The Food Safety and Standards Authority of India (FSSAI) will soon make public its draft regulations for front-of-package labelling (FOPL) that recommend a health star rating system that public health experts and consumer rights organisations have criticised as ineffective and misleading. FSSAI CEOArun Singhalresponds to these concerns.
What is your response to criticism from public health experts who say that there is no evidence to show that health star rating system being proposed by the FSSAI for front-of-package labelling is effective, and that warning systems used by Chile have shown to dissuade consumers from buying unhealthy products?
We had six rounds of stakeholder consultations with consumer organisations as well as the industry, following which there was consensus on everything except the exact format of the FOPL. So, it was decided that we will go to consumers for a survey that will be conducted by a reputed organisation like an IIM [Indian Institute of Management], and we will follow whatever recommendations come from the survey. IIM-Ahmedabad conducted a survey of 20,500 people. It is an extremely prestigious institution. They have recommended the health star rating system. I have not seen any valid, sound reason to throw away their recommendations.
We will come out with draft regulations, and everyone will have an opportunity to give comments and a scientific panel will examine them.
There can be no comparison of the effectiveness of two FOPLs in the same population, because there is one FOPL in a country. Surveys in the U.K. have shown that multiple traffic light system is the best, or there are surveys in Europe that say that nutri-score is the best.
Many global experts have raised questions about the design and interpretation used in the IIM-Ahmedabad study used by the FSSAI to take a decision to propose health star rating. Studies conducted by the All India Institute of Medical Sciences and the International Institute for Population Sciences also say consumers prefer warning labels.
Whatever IIM-Ahmedabad publishes will be peer-reviewed. Their survey is also the largest in the world with a sample size of 20,500. The second biggest survey has 12,800 samples. We expect that when stakeholders’ comments are invited, people will cite other studies and the scientific panel will look at their merit. We asked for a copy of the AIIMS study, but haven’t received it yet. But that study has several limitations. It doesn’t adequately seek responses from those with poor literacy levels as 70% of the population surveyed is intermediate pass (passed Class 12) or above and more than 70% of the respondents are also from urban areas simply because the institutions that participated were in cities.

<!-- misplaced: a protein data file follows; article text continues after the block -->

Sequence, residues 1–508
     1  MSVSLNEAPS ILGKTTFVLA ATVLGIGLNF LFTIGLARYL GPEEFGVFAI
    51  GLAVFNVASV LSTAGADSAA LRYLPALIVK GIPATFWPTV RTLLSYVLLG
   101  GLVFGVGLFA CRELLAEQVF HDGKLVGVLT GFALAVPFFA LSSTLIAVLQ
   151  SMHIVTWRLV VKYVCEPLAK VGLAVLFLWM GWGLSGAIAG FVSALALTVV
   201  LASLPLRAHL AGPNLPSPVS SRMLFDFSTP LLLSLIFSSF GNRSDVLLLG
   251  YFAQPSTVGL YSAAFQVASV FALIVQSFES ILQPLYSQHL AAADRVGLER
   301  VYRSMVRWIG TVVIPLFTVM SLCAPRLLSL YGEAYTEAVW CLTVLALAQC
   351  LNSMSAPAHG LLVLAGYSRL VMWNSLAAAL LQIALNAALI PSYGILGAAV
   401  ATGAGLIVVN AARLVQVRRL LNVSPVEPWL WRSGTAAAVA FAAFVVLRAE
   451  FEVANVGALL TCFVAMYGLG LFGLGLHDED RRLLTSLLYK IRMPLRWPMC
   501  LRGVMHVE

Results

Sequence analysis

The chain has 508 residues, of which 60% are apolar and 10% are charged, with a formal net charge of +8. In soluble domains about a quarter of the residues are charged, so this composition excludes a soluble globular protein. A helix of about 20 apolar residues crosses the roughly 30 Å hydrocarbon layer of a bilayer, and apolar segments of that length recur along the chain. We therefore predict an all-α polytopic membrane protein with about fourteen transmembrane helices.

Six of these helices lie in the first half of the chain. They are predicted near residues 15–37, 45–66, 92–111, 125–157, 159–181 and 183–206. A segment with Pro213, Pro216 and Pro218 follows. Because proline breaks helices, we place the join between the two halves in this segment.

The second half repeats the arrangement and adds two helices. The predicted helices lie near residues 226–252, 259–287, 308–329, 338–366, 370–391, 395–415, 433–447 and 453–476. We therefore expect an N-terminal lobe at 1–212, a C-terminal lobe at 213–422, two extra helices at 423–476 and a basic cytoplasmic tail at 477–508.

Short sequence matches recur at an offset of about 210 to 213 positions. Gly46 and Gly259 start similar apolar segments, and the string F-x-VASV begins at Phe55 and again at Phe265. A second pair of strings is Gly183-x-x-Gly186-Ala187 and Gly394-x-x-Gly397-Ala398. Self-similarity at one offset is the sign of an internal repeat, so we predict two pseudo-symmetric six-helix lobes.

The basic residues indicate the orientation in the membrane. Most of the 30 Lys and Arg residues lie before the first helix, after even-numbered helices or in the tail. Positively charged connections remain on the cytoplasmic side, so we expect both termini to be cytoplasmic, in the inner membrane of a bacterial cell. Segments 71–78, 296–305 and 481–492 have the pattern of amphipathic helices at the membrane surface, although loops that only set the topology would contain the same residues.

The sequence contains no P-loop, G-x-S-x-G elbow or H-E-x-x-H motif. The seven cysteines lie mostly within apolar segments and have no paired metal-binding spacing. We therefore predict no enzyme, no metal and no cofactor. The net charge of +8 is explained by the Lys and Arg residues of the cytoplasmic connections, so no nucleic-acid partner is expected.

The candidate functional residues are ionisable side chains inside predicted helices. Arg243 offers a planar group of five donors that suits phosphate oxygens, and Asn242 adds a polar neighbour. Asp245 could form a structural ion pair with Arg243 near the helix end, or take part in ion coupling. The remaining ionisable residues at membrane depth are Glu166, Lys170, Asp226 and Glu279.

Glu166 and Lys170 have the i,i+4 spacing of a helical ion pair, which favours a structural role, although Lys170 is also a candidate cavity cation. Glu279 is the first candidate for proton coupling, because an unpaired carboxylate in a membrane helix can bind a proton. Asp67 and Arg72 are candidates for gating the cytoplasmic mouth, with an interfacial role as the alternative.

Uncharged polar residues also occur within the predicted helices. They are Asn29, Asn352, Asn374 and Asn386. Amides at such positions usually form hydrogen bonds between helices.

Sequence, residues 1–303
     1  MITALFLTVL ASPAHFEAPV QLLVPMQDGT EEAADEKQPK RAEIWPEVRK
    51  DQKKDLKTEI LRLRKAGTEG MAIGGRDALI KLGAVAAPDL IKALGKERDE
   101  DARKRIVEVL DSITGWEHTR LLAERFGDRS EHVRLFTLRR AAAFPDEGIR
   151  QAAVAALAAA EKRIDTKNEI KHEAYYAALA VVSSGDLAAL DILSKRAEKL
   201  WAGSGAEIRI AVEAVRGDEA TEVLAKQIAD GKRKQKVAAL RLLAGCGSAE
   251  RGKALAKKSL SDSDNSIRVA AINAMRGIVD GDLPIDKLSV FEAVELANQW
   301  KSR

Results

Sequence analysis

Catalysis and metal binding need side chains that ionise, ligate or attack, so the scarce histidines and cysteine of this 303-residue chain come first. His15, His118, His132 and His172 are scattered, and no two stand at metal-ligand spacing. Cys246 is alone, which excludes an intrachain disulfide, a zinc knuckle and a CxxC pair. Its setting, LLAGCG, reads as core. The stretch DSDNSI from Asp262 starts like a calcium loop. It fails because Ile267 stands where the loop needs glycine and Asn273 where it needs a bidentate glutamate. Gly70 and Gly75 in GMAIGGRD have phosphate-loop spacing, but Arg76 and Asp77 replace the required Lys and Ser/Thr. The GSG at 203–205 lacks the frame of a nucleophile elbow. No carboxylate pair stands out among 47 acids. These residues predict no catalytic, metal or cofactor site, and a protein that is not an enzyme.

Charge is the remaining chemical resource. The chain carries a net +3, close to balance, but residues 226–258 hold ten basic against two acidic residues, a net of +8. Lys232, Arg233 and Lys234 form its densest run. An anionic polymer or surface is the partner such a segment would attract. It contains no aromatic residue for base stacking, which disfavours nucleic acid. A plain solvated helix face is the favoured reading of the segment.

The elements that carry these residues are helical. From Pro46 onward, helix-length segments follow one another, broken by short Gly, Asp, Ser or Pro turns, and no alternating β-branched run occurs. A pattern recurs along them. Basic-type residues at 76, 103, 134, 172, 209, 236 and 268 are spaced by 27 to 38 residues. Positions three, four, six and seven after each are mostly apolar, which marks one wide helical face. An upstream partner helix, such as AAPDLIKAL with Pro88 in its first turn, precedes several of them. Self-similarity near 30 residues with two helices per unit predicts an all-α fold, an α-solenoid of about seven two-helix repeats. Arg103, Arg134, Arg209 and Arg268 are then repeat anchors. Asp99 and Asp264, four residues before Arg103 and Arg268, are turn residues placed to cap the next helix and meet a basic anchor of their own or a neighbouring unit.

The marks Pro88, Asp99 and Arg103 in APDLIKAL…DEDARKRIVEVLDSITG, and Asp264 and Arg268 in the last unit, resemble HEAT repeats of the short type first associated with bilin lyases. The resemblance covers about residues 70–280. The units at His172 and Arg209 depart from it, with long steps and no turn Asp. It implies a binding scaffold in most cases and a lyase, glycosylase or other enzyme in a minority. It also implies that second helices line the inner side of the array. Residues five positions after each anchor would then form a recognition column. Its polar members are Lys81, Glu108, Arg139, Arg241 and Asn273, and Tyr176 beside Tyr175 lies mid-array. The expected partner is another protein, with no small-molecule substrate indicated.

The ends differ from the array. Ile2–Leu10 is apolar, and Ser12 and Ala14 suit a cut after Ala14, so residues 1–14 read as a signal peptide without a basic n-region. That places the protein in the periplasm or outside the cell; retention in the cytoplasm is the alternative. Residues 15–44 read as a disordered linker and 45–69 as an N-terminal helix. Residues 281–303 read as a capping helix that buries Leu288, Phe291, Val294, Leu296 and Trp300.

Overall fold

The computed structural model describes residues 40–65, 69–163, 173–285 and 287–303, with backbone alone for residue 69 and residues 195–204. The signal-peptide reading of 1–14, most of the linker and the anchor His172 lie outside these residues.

Why is the FSSAI in favour of voluntary adoption of labelling by the food industry instead of making them mandatory?
It is unrealistic to expect that labelling will be mandatory from day one. Chile, whose example is cited often, took 10 years to implement the law — it started framing the law in 2006, which was ready in 2012 and they were unable to implement it till 2016 and over a period of time, improved permissible thresholds (for sugar, salt and fat). In the U.K., labelling has been voluntary from 2005. Only in 10 countries have they been made mandatory and none of them is a model democracy. In no country in the world can the implementation happen instantaneously. We can have an initial voluntary period and then move towards improving the thresholds and making the labelling mandatory.
Many have also asked why the food industry is present at various FSSAI meetings held on policy matters. Shouldn’t the food regulator maintain an arm’s length from the industry it is supposed to watch over?
We will consult both the industry and the consumers. After all, it is the industry that has to implement the regulations, and if we don’t involve it in decision-making, then it is a non-inclusive way of doing things.
We consult everyone and then take our own decisions. It is a misrepresentation of facts to say that a stakeholder consultation is where policy decisions are taken. The decision-making process is defined in our Act — the scientific panel will make a proposal and then the scientific committee and the FSSAI will look at those, followed by the Health Ministry and ultimately it is tabled before Parliament.
We will come out with draft regulations, and everyone will have an opportunity to give comments